Retirement Planning
August 10, 2023

Long-Term Care Planning

It’s important to plan for your healthcare needs in retirement, but it’s equally important to do so from a position of strategy rather than anxiety. Stewart explains how fear-based long-term care planning can cost you in this week’s blog.
Stewart Willis

If you ask the average person on the street what worries them most about getting older, they’ll often say their health. It’s expected that as we age, our health issues will increase. That’s bad enough from a physical perspective, but it’s also troubling from a financial one.

Health care is expensive. Even younger people who have few, if any, medical issues or doctor visits spend — or their employer spends on their behalf — thousands of dollars per year just on health insurance. In 2022, the average employer spent $10,500 per employee for health insurance coverage, with the average worker kicking in $2,500 more.

Once in retirement, those costs can grow considerably. Medication is expensive, as are more frequent doctor and hospital visits. Proper planning to absorb these increased costs is vital. It requires a carefully-considered, structured approach, especially since it’s impossible to predict what, if any, medical conditions you might have decades from now.

It’s extremely important to recognize that healthcare costs have gone through the roof. While there are signs the nation has reached a tipping point when it comes to healthcare affordability, it would be unwise to assume the problem will be solved by the time you retire and your medical needs increase. Assume you’re going to have medical expenses, and build that assumption into your retirement plan.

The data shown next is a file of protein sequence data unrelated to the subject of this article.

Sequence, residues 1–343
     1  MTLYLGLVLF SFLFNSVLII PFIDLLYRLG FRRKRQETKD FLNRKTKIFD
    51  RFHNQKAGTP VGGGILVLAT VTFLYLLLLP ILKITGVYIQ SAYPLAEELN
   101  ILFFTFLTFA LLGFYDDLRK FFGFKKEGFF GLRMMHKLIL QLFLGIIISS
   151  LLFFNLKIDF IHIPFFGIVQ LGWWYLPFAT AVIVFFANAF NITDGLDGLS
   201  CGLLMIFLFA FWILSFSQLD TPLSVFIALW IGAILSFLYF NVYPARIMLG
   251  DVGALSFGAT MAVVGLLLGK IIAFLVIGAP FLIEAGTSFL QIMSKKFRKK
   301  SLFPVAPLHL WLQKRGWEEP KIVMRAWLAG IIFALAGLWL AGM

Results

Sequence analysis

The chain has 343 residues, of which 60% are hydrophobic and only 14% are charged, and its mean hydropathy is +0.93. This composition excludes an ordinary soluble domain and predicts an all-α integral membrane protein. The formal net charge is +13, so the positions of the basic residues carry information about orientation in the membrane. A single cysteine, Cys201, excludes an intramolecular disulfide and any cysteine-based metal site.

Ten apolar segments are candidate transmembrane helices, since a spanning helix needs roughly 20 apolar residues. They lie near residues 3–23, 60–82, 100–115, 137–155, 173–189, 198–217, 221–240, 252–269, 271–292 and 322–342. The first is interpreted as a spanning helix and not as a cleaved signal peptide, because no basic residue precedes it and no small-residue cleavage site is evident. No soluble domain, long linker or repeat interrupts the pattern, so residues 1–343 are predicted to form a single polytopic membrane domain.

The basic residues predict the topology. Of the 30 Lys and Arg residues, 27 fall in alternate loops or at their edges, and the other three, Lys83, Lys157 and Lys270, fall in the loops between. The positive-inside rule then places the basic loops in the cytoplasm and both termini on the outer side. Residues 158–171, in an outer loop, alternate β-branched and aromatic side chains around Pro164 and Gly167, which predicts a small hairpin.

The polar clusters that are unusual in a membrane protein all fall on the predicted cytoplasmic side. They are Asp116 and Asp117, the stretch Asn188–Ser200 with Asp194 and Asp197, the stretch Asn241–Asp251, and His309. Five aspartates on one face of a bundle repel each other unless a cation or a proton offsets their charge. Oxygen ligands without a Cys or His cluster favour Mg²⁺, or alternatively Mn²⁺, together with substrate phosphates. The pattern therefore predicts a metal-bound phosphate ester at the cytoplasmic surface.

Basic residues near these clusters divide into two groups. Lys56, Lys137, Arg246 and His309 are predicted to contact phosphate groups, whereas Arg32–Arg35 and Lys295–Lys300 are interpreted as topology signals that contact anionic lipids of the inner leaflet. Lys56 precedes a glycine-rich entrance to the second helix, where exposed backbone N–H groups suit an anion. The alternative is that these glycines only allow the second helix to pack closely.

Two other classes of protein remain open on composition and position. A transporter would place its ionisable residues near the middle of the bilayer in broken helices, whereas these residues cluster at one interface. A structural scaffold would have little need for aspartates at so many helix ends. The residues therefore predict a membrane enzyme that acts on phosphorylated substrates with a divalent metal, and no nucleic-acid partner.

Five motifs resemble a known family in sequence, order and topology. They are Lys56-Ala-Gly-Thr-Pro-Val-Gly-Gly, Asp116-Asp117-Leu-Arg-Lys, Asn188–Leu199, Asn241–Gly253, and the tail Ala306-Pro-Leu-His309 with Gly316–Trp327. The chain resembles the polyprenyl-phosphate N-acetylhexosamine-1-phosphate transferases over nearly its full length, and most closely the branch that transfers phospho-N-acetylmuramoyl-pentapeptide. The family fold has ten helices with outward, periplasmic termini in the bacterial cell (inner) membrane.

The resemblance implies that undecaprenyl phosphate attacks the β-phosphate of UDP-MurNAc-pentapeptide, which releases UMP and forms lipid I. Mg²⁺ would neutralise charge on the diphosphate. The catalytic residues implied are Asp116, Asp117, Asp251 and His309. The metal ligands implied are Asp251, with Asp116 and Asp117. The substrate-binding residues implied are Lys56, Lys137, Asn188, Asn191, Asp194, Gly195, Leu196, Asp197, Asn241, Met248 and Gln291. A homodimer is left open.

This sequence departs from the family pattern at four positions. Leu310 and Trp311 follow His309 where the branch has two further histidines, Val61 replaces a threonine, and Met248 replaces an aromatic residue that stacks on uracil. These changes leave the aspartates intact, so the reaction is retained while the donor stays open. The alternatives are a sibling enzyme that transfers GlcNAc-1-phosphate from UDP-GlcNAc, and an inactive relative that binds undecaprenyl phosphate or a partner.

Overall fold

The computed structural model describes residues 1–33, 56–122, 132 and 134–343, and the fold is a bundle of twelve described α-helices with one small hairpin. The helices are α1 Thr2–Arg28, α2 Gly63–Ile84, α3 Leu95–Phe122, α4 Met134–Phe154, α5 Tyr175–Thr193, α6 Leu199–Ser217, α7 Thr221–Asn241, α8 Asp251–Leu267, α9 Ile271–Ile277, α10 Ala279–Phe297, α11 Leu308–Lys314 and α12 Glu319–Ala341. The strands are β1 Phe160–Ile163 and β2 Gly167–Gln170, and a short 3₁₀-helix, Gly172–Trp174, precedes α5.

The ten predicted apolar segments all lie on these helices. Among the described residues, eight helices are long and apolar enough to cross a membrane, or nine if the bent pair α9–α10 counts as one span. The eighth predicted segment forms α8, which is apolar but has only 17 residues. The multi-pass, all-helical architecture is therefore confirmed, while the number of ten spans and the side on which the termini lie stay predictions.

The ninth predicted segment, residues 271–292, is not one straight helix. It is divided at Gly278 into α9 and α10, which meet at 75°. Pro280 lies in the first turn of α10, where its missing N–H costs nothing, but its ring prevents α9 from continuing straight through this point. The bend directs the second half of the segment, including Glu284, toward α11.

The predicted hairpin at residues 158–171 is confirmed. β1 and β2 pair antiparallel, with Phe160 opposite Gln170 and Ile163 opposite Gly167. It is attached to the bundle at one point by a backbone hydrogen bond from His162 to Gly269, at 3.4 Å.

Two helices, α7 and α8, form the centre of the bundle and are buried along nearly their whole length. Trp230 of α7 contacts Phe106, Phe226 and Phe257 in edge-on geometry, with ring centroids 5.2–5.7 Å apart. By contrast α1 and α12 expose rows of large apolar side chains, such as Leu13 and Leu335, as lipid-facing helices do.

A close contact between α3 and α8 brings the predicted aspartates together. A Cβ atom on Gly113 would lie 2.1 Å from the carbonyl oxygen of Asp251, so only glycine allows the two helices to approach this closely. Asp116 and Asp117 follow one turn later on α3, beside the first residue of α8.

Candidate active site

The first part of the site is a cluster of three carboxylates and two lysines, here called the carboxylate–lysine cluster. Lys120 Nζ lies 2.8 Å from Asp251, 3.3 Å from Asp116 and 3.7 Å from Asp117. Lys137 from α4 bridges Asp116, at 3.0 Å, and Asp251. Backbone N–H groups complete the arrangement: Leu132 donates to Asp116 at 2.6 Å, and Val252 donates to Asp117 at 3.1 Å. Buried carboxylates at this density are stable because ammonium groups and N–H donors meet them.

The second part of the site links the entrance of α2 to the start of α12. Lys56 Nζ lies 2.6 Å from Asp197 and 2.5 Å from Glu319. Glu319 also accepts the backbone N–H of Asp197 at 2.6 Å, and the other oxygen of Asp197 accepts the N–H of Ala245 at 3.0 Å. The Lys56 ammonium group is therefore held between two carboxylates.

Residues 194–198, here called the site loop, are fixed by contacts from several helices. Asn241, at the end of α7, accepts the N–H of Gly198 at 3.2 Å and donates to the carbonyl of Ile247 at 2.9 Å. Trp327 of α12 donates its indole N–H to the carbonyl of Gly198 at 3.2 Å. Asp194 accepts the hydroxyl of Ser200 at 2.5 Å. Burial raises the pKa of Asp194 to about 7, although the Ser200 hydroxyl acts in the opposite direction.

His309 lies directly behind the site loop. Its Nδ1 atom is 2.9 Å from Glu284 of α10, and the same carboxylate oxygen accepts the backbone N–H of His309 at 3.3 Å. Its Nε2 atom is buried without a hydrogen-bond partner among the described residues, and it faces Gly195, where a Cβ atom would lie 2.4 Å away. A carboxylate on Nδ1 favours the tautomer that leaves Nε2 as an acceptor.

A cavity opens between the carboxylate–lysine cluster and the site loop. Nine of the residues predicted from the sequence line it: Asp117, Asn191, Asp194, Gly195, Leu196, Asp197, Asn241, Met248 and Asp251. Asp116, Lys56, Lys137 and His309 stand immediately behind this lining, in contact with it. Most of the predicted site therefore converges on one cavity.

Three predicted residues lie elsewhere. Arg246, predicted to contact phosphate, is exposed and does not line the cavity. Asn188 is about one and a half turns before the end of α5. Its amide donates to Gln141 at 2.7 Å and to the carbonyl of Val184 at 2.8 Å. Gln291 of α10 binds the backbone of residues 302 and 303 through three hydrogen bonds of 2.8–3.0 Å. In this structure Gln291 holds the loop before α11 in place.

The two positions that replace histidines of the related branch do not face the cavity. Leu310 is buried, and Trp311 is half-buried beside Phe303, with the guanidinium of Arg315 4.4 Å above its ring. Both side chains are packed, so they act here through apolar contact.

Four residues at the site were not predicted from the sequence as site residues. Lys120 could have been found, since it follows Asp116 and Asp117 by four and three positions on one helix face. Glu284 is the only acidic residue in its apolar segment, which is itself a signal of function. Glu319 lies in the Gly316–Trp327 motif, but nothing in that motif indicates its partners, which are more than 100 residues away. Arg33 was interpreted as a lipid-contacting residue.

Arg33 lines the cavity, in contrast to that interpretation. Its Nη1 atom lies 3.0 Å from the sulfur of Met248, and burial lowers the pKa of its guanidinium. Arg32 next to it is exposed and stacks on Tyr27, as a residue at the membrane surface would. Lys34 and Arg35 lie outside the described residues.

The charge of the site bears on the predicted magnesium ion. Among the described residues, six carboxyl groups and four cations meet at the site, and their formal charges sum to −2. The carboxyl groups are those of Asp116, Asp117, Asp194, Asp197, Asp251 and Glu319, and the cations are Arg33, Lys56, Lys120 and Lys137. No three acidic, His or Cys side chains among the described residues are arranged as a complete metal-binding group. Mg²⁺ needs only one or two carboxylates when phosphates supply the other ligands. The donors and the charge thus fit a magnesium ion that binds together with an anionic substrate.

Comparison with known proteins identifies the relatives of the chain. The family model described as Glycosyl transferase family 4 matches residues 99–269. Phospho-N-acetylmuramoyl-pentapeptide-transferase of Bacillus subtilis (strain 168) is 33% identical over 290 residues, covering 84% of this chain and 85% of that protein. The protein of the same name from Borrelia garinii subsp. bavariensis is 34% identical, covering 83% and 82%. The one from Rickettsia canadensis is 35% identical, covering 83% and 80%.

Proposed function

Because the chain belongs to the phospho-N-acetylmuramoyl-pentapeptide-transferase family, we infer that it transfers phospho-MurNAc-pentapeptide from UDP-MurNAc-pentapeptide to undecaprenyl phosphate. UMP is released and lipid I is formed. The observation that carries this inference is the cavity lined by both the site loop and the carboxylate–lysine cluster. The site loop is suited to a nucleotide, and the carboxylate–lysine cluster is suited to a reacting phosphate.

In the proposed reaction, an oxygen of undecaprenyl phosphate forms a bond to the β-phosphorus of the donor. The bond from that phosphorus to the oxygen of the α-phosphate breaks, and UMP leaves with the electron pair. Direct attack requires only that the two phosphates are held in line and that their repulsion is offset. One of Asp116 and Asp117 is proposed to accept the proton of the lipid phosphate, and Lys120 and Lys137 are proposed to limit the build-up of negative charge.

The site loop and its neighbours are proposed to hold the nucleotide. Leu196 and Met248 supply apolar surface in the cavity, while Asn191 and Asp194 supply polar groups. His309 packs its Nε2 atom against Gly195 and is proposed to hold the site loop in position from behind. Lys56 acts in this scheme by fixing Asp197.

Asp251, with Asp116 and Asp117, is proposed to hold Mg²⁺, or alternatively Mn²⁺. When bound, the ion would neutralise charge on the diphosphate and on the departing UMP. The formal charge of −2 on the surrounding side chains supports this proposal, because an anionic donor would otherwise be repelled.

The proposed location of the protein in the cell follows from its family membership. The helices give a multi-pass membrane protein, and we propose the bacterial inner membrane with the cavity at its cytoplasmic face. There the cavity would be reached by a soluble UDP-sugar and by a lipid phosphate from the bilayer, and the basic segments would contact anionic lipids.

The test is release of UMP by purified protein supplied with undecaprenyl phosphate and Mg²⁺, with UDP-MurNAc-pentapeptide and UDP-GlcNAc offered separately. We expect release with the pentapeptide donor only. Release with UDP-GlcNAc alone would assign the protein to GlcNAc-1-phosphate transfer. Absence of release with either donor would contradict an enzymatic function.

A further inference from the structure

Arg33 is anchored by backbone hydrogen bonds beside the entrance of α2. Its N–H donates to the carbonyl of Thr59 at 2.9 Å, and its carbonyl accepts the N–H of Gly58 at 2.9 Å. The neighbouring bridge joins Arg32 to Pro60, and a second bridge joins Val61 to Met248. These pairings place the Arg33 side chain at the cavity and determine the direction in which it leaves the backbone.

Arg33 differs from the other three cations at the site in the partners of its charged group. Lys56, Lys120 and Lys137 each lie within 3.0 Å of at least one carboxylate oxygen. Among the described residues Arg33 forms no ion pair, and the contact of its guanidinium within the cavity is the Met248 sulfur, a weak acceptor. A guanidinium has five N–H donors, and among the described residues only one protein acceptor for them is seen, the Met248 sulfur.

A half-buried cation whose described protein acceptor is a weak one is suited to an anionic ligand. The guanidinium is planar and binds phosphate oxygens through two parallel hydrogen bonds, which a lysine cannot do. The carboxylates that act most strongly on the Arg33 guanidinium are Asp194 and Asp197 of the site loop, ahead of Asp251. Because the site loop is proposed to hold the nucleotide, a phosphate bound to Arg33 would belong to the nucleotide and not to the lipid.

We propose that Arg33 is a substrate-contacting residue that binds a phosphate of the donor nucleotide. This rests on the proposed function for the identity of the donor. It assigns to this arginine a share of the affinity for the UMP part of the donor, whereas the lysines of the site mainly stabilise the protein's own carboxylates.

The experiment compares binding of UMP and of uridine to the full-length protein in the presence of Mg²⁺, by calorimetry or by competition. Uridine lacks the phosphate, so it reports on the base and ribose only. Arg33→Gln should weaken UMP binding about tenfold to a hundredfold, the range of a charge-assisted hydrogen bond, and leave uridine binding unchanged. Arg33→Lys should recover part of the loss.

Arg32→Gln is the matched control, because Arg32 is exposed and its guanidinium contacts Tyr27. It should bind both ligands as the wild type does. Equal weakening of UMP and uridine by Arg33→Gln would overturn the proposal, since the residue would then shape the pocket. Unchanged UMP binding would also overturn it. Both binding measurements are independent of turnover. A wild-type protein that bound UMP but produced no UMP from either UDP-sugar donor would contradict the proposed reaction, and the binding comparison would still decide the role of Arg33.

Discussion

It’s also crucial not to be drawn in by fear-mongering sales pitches. Clients regularly ask me if they should get long-term care insurance. It might surprise you that I often advise them to stay away from it! In my experience, people don’t buy long-term care insurance; they’re sold it. I view it as a “fear” sale— you’re afraid of going broke if you become debilitated in your old age.

It’s important to understand what long-term care insurance covers and, more importantly, what it doesn’t. This insurance will cover nursing home stays, which on the surface sounds like a wise purchase. But statistically, only 2.4% of the elderly population ends up living in a nursing home. If you expand that statistic to include assisted living facilities, an additional 2% will potentially use long-term care.

If every one of the 55.8 million elderly people in the country had long-term care insurance, the vast majority of them would represent pure profit to the insurance company. And what a profit it is! With policies often costing thousands per year, if you don’t need to use it, that’s quite a lot of money you’ve given to the insurance company for no return. That’s a wonderful result for them, but unless you beat the odds, it’s not such a great deal for you.

Planning for your healthcare needs in retirement is a complicated process and one that’s top-of-mind for many of our clients at Asset Preservation Wealth &Tax. As is the case with most retirement planning, it shouldn’t be done alone. Be sure you have a seasoned expert on your team to help you navigate the complexities of preparing for medical expenses in your golden years.

Stewart Willis is the founder and president of Asset Preservation Wealth & Tax, a financial planning firm in Phoenix, Arizona. Investment advisory services offered through Foundations Investment Advisors, LLC, an SEC registered investment adviser.


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